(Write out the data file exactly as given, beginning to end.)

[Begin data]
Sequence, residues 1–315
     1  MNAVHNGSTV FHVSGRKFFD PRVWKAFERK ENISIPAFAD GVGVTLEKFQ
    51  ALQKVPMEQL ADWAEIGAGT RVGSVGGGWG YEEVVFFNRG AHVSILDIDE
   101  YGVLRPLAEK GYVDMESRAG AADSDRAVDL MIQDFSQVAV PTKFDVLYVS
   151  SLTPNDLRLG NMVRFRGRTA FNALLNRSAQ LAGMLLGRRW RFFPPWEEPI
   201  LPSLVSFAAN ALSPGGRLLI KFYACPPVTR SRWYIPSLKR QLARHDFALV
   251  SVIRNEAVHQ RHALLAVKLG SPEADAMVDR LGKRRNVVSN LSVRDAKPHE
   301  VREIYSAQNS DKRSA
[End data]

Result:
Sequence, residues 1–315
     1  MNAVHNGSTV FHVSGRKFFD PRVWKAFERK ENISIPAFAD GVGVTLEKFQ
    51  ALQKVPMEQL ADWAEIGAGT RVGSVGGGWG YEEVVFFNRG AHVSILDIDE
   101  YGVLRPLAEK GYVDMESRAG AADSDRAVDL MIQDFSQVAV PTKFDVLYVS
   151  SLTPNDLRLG NMVRFRGRTA FNALLNRSAQ LAGMLLGRRW RFFPPWEEPI
   201  LPSLVSFAAN ALSPGGRLLI KFYACPPVTR SRWYIPSLKR QLARHDFALV
   251  SVIRNEAVHQ RHALLAVKLG SPEADAMVDR LGKRRNVVSN LSVRDAKPHE
   301  VREIYSAQNS DKRSA